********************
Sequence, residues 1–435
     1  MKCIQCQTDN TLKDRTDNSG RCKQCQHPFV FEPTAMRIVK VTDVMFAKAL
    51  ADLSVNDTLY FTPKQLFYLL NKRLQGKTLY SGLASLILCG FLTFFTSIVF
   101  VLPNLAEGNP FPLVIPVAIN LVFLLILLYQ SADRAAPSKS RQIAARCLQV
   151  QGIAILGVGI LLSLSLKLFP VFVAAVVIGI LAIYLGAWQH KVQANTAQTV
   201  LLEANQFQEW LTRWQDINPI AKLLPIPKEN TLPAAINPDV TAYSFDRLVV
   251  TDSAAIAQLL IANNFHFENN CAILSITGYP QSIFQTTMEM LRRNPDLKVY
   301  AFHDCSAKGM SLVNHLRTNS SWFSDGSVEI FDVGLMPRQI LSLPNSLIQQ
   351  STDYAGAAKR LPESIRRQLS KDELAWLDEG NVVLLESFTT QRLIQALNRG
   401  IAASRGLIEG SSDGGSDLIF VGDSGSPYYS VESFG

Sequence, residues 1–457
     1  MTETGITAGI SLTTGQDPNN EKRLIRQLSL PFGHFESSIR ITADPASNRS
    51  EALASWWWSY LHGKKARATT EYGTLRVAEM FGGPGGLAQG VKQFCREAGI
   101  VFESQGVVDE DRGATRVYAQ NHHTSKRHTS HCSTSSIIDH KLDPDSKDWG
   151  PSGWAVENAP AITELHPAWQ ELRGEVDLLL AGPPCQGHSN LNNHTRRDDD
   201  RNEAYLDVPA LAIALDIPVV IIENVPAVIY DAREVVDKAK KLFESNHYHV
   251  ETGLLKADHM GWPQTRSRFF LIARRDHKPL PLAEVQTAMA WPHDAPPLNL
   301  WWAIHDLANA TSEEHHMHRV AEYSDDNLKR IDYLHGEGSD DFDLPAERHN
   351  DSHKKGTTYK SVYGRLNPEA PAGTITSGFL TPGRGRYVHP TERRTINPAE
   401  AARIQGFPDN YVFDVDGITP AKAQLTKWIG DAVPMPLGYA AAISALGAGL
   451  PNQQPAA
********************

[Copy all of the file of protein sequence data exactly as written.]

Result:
Sequence, residues 1–435
     1  MKCIQCQTDN TLKDRTDNSG RCKQCQHPFV FEPTAMRIVK VTDVMFAKAL
    51  ADLSVNDTLY FTPKQLFYLL NKRLQGKTLY SGLASLILCG FLTFFTSIVF
   101  VLPNLAEGNP FPLVIPVAIN LVFLLILLYQ SADRAAPSKS RQIAARCLQV
   151  QGIAILGVGI LLSLSLKLFP VFVAAVVIGI LAIYLGAWQH KVQANTAQTV
   201  LLEANQFQEW LTRWQDINPI AKLLPIPKEN TLPAAINPDV TAYSFDRLVV
   251  TDSAAIAQLL IANNFHFENN CAILSITGYP QSIFQTTMEM LRRNPDLKVY
   301  AFHDCSAKGM SLVNHLRTNS SWFSDGSVEI FDVGLMPRQI LSLPNSLIQQ
   351  STDYAGAAKR LPESIRRQLS KDELAWLDEG NVVLLESFTT QRLIQALNRG
   401  IAASRGLIEG SSDGGSDLIF VGDSGSPYYS VESFG

Sequence, residues 1–457
     1  MTETGITAGI SLTTGQDPNN EKRLIRQLSL PFGHFESSIR ITADPASNRS
    51  EALASWWWSY LHGKKARATT EYGTLRVAEM FGGPGGLAQG VKQFCREAGI
   101  VFESQGVVDE DRGATRVYAQ NHHTSKRHTS HCSTSSIIDH KLDPDSKDWG
   151  PSGWAVENAP AITELHPAWQ ELRGEVDLLL AGPPCQGHSN LNNHTRRDDD
   201  RNEAYLDVPA LAIALDIPVV IIENVPAVIY DAREVVDKAK KLFESNHYHV
   251  ETGLLKADHM GWPQTRSRFF LIARRDHKPL PLAEVQTAMA WPHDAPPLNL
   301  WWAIHDLANA TSEEHHMHRV AEYSDDNLKR IDYLHGEGSD DFDLPAERHN
   351  DSHKKGTTYK SVYGRLNPEA PAGTITSGFL TPGRGRYVHP TERRTINPAE
   401  AARIQGFPDN YVFDVDGITP AKAQLTKWIG DAVPMPLGYA AAISALGAGL
   451  PNQQPAA